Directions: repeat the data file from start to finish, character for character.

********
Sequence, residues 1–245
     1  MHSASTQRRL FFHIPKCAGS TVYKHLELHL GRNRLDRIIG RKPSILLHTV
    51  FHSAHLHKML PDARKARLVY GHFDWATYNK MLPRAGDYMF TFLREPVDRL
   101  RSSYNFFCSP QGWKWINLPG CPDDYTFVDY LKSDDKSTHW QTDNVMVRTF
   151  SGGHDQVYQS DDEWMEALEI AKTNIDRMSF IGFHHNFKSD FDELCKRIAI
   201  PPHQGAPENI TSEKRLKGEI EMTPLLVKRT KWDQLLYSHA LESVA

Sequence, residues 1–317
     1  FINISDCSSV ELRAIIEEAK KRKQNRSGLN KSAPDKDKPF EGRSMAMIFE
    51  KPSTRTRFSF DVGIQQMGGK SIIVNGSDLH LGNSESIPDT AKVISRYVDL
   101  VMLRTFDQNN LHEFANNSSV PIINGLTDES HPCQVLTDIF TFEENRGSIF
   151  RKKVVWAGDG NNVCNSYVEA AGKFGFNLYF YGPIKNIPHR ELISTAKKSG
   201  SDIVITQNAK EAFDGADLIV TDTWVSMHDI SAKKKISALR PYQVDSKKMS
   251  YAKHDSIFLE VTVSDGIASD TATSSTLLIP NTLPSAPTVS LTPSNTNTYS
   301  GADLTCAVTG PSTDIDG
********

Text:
Sequence, residues 1–245
     1  MHSASTQRRL FFHIPKCAGS TVYKHLELHL GRNRLDRIIG RKPSILLHTV
    51  FHSAHLHKML PDARKARLVY GHFDWATYNK MLPRAGDYMF TFLREPVDRL
   101  RSSYNFFCSP QGWKWINLPG CPDDYTFVDY LKSDDKSTHW QTDNVMVRTF
   151  SGGHDQVYQS DDEWMEALEI AKTNIDRMSF IGFHHNFKSD FDELCKRIAI
   201  PPHQGAPENI TSEKRLKGEI EMTPLLVKRT KWDQLLYSHA LESVA

Sequence, residues 1–317
     1  FINISDCSSV ELRAIIEEAK KRKQNRSGLN KSAPDKDKPF EGRSMAMIFE
    51  KPSTRTRFSF DVGIQQMGGK SIIVNGSDLH LGNSESIPDT AKVISRYVDL
   101  VMLRTFDQNN LHEFANNSSV PIINGLTDES HPCQVLTDIF TFEENRGSIF
   151  RKKVVWAGDG NNVCNSYVEA AGKFGFNLYF YGPIKNIPHR ELISTAKKSG
   201  SDIVITQNAK EAFDGADLIV TDTWVSMHDI SAKKKISALR PYQVDSKKMS
   251  YAKHDSIFLE VTVSDGIASD TATSSTLLIP NTLPSAPTVS LTPSNTNTYS
   301  GADLTCAVTG PSTDIDG